Mother thanks Arlington Heights police for peaceful resolution to son's crash, crisis
When a Milwaukee pastor and his wife got a call the night of Nov. 13 that their 20-year-old son was in a standoff with Arlington Heights police, they feared the worst.
"Our hearts are beating fast, and with all the racial injustice that was on the TV, I was praying and hoping that I would not have to be that mother who has to say the words, 'say his name,' or be that mother that has to file a lawsuit," said the mother of the man, who is Black.
"Because my husband and I were very positive whatever the situation was, he would not do anything to aggravate the situation because we know how we raised him."
They hurried across the state line to get to Palatine Road and Windsor Drive, where their son had crashed his vehicle and was having what police described as a mental health crisis. As paramedics tried to help, the driver began to cut himself, prompting a larger police response.
But after a 90-minute negotiation, the man came out of the car and the situation ended peacefully, just as his parents arrived.
The Milwaukee couple pointed to a host of factors -- namely the police officers' training and de-escalation techniques, and even the power of prayer -- that helped secure a peaceful resolution. The 20-year-old man's mother spoke to the Daily Herald after publicly thanking the Arlington Heights Police Department during a virtual village board meeting this week.
"It could have gone sour," said the woman, who asked not to be named to protect her son's privacy. "But we had time. They trusted us to get there. Time allowed them to use their training, along with prayer, and it worked. We're grateful."
They say their gratitude extends to the first responder who kept them on the phone as they drove down from Wisconsin; the officer who answered at the police station when the Milwaukee man's grandmother -- a retired police detective herself -- called to ask them to be patient with her grandson; Pastor John Elleson, who tried to intervene at the accident scene that was across from his Lakewood Chapel; and the officer who called their son by his name and asked to pray with him.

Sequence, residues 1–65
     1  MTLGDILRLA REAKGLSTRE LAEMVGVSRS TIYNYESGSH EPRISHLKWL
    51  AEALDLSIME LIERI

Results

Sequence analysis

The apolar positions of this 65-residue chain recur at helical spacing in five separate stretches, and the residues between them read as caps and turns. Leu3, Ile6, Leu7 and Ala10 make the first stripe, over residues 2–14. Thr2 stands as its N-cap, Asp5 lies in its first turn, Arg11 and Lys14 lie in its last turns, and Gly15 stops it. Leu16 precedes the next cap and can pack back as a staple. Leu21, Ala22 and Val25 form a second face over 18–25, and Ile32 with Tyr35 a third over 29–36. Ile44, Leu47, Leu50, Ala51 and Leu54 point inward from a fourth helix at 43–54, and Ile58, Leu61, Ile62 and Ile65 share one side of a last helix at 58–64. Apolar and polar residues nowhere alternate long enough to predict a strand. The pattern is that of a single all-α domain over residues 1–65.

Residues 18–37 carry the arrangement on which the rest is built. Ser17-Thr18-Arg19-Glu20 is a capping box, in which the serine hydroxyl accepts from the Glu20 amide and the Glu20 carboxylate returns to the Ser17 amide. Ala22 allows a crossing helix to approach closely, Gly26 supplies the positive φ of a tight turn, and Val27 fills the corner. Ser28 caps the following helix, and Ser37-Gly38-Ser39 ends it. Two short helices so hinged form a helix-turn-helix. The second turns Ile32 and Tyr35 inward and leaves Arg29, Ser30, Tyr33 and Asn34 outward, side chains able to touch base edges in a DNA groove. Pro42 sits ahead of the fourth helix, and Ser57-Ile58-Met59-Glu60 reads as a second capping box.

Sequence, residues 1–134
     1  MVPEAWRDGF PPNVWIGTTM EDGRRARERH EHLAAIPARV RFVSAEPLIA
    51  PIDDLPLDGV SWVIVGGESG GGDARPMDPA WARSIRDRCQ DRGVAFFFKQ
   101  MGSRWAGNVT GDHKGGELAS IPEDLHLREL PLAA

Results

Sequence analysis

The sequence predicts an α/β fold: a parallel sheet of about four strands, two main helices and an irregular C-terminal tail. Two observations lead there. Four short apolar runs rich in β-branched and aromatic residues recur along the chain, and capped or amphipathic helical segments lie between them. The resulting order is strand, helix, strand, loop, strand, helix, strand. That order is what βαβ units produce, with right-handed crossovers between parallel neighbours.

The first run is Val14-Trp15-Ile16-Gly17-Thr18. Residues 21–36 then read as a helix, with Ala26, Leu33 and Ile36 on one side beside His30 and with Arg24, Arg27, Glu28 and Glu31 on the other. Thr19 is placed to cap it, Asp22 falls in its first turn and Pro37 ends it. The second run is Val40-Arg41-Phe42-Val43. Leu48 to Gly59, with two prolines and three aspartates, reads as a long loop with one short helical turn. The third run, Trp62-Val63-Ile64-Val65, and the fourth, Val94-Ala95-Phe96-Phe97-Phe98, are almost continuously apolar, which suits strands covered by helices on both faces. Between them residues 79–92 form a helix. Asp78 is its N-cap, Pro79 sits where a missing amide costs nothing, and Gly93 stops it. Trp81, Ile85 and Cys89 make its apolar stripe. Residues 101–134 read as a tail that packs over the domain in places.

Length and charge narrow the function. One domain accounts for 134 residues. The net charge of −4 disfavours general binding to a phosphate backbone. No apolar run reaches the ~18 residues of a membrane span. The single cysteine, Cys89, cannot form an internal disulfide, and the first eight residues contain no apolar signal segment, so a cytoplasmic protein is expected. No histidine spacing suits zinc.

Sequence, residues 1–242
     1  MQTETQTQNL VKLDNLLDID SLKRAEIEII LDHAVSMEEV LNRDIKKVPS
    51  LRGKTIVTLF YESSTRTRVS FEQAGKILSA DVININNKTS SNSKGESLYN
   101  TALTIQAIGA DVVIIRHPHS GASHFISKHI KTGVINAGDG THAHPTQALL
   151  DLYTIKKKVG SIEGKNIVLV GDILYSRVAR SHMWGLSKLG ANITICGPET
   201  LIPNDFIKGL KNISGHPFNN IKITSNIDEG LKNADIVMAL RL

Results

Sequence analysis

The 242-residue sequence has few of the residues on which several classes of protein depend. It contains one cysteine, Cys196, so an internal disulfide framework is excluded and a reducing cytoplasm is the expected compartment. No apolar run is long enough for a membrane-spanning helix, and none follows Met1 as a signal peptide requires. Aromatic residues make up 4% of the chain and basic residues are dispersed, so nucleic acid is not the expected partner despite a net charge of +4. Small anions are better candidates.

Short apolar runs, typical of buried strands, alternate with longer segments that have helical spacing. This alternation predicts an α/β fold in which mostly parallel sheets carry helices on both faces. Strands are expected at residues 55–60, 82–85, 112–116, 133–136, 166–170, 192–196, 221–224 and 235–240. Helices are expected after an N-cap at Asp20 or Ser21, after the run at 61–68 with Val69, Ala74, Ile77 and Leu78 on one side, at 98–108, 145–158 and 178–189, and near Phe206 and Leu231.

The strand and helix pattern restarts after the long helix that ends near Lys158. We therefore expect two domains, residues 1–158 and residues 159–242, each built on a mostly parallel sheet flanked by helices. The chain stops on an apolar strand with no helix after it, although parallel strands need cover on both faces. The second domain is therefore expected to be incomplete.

"Obviously we're a religious family, but that triggered something inside of my son where he was able to come out of the car peacefully and receive the help that he needed," his mother said.
Now nearly a month after the incident, she said her son is doing well.
She also thanked Police Chief Nick Pecora for the two-way communication they've established, and explaining the police response that night.
The department dispatched three different teams of officers, including those trained in crisis intervention.
The Milwaukee mom also learned from the chief that the police force doesn't have one Black officer, but recently began renewing efforts to hire people of color.
"Everyone wants to see diversity I would hope because that's what brings people together. But when I look at an all-white police force and this situation ending the way it did, it lets me know that I don't have to have such a small mind that it can't be peaceful with the opposite race," she said.
"What makes us happy is that it can work in a community regardless of what color you are if training is properly given and if the character of officers is receptive to training, and you allow humanity to prevail."